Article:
Posted by: Patricia Salkin | July 24, 2013

Missouri Supreme Court Upholds Redevelopment Plan Pursuant to State TIF Act Finding it is Consistent with the Comprehensive Plan, Complied with Financing Standards and Allegation of Lack of Specificity of Project was Raised Too Late

Northside Regeneration, LLC proposed a redevelopment plan on 1500 acres in the City of St. Louis (“City”) pursuant to a tax increment financing (“TIF”) plan.  The project would cost $8.1 billion over a period of 23 years.  The City authorized the plan and passed ordinance 68484, which provided for the City’s approval of the plan, and 68485, which authorized the City to enter into an agreement with Northside to execute the plan.  Plaintiffs, Bonzella Smith and Isaiah Hair, filed a petition requesting a preliminary injunction against Northside and the City to prevent the redevelopment plan from being executed.  Intervenors, Cheryl Nelson and Elke McIntosh, filed a petition for declaratory judgment alleging that the plan was in direct violation of a provision of the TIF plan.  Neither plaintiffs nor intervenors alleged in their petitions that the redevelopment plan was invalid for failing to include a specific redevelopment project.  Later, in a motion in limine filed on the first day of trial, Plaintiffs raised the issue that the redevelopment plan failed to include a specific redevelopment project as required by the TIF Act.

The trial court, while acknowledging that the issue was not directly addressed in the pleadings of the case, declared that the ordinances were in conflict with the TIF Act for failure to include “defined redevelopment projects.”  The trial court determined that the plaintiffs properly raised the issue in their motion in limine and by introducing the ordinances into evidence.  Additionally, the court denied Plaintiffs’ and Intervenors’ motions for attorney’s fees.  Defendants appealed the trial court’s decision and Plaintiffs and Intervenors cross-appealed.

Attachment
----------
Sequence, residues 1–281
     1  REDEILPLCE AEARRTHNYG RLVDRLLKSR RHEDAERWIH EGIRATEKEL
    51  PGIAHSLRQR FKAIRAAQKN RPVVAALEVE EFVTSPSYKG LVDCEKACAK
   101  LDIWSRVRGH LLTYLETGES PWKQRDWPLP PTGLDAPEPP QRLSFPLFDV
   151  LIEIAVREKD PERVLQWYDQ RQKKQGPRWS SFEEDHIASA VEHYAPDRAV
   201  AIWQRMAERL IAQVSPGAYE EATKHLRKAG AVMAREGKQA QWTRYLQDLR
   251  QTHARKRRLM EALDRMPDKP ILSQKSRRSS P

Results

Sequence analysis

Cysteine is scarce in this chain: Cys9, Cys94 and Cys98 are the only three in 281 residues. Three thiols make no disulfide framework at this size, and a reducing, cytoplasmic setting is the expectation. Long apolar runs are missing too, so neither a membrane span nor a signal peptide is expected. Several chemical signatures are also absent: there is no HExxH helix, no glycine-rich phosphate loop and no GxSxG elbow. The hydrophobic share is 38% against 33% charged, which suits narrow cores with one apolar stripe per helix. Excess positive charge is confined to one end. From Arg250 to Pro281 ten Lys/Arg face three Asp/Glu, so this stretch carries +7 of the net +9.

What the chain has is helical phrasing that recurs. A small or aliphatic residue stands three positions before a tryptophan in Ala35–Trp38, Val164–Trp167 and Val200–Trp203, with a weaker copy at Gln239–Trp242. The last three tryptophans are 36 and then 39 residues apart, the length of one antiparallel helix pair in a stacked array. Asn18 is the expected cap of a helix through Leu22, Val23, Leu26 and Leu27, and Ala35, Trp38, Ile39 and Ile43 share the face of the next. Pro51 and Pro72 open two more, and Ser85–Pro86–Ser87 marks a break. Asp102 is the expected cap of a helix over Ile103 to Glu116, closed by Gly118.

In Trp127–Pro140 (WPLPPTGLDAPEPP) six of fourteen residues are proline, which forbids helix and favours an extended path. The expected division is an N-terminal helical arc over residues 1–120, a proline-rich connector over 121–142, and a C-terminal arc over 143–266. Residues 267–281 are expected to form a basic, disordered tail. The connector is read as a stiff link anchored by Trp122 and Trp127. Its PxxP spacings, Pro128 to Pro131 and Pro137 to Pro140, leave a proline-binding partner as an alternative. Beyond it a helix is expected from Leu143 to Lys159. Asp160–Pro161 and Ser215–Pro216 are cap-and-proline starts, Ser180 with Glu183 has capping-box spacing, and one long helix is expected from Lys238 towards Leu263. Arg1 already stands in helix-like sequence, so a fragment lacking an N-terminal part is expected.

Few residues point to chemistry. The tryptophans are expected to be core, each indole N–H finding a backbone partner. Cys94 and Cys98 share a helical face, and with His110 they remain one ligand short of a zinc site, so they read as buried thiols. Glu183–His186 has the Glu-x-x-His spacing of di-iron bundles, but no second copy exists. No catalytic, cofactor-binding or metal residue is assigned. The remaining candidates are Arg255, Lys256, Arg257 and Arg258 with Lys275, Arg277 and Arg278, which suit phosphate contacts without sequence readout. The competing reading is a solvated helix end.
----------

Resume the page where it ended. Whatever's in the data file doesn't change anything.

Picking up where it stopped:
On appeal, the Supreme Court of Missouri explained that the “specific project” issue should have been raised in the original pleadings, but may also have been raised at trial by implied consent.  The purpose of a pleading (here, the petition) is to define the issues to be tried and to provide notice of same to the adversary.  The issue is preserved only if first addressed in the pleading.  A motion in limine seeks the “court’s opinion as to the admissibility of the evidence” and is not a pleading where an issue can be initially raised.  According to the appellate court, both Plaintiffs and Intervenors failed to provide adequate notice to their adversary of the “specific project” issue.  Both failed to raise the issue in their petitions, so the issue was never preserved.  Additionally, since an issue cannot first be raised in a motion in limine, and Plaintiffs did not attempt to amend their petition to address the issue, the issue was not properly raised in the motion, either.